COIMBATORE: In a decision which is expected to be huge relief for private engineering colleges, the All India Council for Technical Education (AICTE) has relaxed the faculty requirement from the present one faculty member for every 15 students to one for 20 students.
This has been a demand of the Private Engineering Colleges Association for 15 years, said T D Eswaramoorthy, secretary of the All India Federation of Self-Financing Technical Institutions, while welcoming the decision.
“If a college has a total strength of 6,000 students for all four years, it will need 400 teachers under the 1:15 ratio. Under the 1:20 ratio, it will need only 300. We do not have enough work to maintain the 1:15 faculty-student ratio,” he pointed out.
However, a professor at Anna University described the 1:15 ratio as reasonable. This enables teachers to give time for research and interacting with students and assessing them. The ration in many colleges now is 1:25. Only at inspection time do they maintain the 1:15 ratio. They then get part-time faculty members and BE graduates to take classes, he said.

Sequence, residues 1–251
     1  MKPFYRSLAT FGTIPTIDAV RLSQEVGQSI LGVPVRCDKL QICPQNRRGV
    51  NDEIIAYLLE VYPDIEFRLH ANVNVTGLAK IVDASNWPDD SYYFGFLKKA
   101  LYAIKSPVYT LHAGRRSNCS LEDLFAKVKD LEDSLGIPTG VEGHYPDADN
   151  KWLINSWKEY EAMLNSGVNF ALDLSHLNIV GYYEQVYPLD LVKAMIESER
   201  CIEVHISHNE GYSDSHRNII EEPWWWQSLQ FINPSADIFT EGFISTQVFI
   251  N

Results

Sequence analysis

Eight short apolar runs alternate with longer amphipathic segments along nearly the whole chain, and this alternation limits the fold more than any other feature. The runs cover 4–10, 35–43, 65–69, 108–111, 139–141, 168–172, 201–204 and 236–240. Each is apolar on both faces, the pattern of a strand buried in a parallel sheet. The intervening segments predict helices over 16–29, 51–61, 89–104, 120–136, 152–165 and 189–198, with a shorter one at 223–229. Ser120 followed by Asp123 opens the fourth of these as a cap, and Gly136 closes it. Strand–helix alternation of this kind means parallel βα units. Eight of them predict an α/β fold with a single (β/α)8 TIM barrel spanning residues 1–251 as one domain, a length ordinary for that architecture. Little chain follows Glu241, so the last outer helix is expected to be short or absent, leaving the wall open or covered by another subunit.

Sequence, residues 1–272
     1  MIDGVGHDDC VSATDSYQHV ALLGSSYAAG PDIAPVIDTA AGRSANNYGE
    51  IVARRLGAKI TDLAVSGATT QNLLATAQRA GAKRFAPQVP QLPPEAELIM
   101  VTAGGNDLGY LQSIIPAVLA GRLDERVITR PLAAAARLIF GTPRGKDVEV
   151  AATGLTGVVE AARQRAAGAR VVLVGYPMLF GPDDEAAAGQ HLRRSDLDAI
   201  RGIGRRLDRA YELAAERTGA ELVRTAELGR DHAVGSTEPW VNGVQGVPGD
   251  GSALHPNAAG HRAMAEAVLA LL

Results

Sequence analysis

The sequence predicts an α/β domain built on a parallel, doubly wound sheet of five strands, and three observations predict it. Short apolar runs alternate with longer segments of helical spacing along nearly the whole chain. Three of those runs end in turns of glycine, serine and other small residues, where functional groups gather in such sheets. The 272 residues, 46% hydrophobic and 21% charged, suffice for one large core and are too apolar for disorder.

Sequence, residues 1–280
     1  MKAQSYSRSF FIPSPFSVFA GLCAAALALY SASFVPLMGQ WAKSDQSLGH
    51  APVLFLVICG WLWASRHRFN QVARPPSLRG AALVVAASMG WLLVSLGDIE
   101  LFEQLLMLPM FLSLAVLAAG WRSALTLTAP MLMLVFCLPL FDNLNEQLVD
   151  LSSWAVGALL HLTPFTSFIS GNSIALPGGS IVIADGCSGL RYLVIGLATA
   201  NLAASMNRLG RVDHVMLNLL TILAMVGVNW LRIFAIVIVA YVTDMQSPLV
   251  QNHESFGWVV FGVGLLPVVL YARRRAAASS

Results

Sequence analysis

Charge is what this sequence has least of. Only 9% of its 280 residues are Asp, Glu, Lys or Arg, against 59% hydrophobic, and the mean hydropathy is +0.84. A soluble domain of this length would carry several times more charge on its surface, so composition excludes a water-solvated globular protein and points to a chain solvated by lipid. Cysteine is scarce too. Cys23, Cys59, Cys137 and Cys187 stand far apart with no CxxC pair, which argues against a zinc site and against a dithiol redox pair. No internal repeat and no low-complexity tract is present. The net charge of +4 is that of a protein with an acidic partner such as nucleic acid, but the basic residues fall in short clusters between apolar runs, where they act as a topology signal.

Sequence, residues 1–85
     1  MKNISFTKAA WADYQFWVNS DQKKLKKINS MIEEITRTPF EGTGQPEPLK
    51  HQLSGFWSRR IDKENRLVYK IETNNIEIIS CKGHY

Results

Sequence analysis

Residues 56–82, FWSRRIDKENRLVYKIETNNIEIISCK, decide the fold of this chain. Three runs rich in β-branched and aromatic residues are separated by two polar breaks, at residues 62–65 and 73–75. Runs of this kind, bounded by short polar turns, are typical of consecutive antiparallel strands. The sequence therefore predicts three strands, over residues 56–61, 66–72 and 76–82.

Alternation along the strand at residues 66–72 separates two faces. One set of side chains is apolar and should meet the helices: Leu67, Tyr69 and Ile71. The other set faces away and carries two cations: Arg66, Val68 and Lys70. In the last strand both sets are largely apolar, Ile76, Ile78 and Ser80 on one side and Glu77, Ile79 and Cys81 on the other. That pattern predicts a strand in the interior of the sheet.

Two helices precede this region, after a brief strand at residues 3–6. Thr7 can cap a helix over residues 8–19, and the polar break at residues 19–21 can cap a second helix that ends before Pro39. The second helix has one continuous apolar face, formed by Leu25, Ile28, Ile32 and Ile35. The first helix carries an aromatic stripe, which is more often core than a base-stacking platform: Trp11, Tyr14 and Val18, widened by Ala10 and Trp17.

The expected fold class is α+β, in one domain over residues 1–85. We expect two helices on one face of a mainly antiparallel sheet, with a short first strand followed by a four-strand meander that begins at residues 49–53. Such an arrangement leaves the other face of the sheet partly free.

Reducing the faculty-students ratio will have an adverse impact on the research work carried out in technical institutions, according to E Balagurusamy, former Vice Chancellor of Anna University.
Instead of calculating faculty-student ratio on the sanctioned strength, it can be calculated on the actual strength of students in a college, he suggested. However, he added that the actual strength would change every year and that it would be very difficult to maintain a fixed faculty-student ratio.
Instead of reducing the ratio for all institutions, AICTE can classify engineering colleges into three categories based on their admission and performance and fix different ratios for each category,” Balagurusamy said.
Tier I colleges should be asked to maintain the 1:15 ratio because they need to conduct research. In fact, autonomous colleges should have low faculty-student ratios, which should be strictly enforced, he added.
AICTE has decided to end courses which had ‘zero’ admission in the last five years in an institution. In addition, the sanctioned strength of courses which had less than 30 per cent admission in the last five years will be reduced by half.
It has also warned all colleges that criminal cases would be filed against the principal of an institution and the head of its management if they submit fraudulent documents to get AICTE’s approval.